UN rights office praises identification of 114th Argentinian 'Grandson of Plaza de Mayo'

A mother tells her story about her son, one of the victims known as "desaparecidos" of the military government that ruled Argentina in the late 1970's and early 1980's. UN Photo/E. Schneider (file photo)

8 August 2014 – The United Nations human rights office today called on authorities around the world to redouble their efforts to find people missing due to enforced disappearances following reports that an Argentine grandmother discovered the identity of a grandson born during the military dictatorship in the country 37 years ago.

“Enforced disappearance is a human rights violation that repeats itself daily for the families of the disappeared,” said Ravina Shamdasani, Spokesperson for the UN Human Rights Office (OHCHR). “We call on authorities in all parts of the world to redouble their efforts to discover the fate of such individuals and to ensure that the rights to justice and reparation are realized.”

The grandson of Estela de Carlotto, the president of the Association of Grandmothers of Plaza de Mayo, was reportedly identified through a DNA test.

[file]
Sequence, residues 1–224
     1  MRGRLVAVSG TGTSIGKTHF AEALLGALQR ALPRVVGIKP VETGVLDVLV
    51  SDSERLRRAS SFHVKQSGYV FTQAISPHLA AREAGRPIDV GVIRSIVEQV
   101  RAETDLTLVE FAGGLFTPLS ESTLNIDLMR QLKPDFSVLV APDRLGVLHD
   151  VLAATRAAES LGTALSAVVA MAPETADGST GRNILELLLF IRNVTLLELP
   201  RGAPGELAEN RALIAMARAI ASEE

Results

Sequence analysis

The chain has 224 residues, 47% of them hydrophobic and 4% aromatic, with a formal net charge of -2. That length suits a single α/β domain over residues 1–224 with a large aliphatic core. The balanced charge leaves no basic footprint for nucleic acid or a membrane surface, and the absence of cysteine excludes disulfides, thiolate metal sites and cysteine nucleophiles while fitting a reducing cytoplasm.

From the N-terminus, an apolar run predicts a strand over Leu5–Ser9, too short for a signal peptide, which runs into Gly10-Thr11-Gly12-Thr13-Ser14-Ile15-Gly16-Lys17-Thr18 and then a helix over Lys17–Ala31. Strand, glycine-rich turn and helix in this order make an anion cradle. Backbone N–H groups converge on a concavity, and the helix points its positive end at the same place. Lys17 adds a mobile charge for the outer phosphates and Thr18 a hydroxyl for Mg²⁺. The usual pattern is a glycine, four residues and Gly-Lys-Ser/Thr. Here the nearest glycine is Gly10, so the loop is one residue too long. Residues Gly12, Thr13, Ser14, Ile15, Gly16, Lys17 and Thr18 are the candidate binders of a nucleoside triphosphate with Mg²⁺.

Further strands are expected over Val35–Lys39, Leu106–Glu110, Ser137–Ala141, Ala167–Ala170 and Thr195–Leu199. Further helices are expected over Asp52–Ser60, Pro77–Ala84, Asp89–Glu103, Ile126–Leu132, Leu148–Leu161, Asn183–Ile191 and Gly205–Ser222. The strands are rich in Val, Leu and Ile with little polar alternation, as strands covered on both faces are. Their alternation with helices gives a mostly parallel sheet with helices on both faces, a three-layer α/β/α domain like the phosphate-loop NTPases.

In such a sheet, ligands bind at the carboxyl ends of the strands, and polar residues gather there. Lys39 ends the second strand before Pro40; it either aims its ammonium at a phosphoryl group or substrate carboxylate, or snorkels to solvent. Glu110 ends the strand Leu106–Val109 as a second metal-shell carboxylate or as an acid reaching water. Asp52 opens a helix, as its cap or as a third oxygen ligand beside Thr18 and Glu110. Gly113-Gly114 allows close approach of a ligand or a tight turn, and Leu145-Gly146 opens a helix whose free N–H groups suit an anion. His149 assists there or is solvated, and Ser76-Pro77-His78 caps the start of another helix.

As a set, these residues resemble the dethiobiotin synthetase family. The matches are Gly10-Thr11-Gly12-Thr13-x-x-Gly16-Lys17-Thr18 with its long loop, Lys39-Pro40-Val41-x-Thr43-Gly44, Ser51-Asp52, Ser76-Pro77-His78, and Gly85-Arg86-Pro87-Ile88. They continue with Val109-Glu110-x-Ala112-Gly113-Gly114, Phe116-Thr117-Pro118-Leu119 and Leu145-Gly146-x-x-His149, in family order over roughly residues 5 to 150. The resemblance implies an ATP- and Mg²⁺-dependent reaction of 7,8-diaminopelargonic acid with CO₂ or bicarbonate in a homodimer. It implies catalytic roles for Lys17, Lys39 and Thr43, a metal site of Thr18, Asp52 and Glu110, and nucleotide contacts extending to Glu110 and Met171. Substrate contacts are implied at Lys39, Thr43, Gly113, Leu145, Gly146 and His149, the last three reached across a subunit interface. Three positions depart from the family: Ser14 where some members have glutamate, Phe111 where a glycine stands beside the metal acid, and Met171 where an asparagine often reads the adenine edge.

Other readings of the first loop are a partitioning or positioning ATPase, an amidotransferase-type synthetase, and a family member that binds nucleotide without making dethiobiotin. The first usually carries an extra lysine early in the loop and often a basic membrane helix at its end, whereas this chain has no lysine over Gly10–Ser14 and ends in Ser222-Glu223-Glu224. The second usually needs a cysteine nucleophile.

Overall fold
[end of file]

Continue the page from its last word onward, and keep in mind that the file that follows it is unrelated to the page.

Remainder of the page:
Ms. Carlotto never met her grandson, who was born in 1978 during her daughter's clandestine detention by the military. The daughter was killed two months after the birth, with the body returned to Ms. Carlotto. The father was illegally detained by the Government and also killed.

The grandson is one of an estimated 500 children who disappeared during Argentina's 1976-1983 military dictatorship. Only 114 children have been located.

“The courage, perseverance and determination that the grandmothers of missing children in Argentina have shown in the last three decades continue to inspire human rights defenders around the world,” Ms. Shamdasani said in reference to the Association of Grandmothers of Plaza de Mayo.

Ms. Carlotto founded that non-governmental organization in 1977. It aims to ensure that violations of children's rights such as those that occurred during the military dictatorship never happen again by demanding the prosecution of all those responsible for the tragedy.

In 2010, the UN Educational, Scientific and Cultural Organization (UNESCO) awarded the Grandmothers its Félix Houphouët-Boigny Peace Prize for their “tireless battle for human rights and peace by standing up to oppression, injustice and impunity.”

In today's press briefing, the OHCHR spokesperson stressed that the Grandmothers and other associations in the region have made great contribution to the human rights system, and have advanced the application of scientific methods towards resolution of human rights issues.


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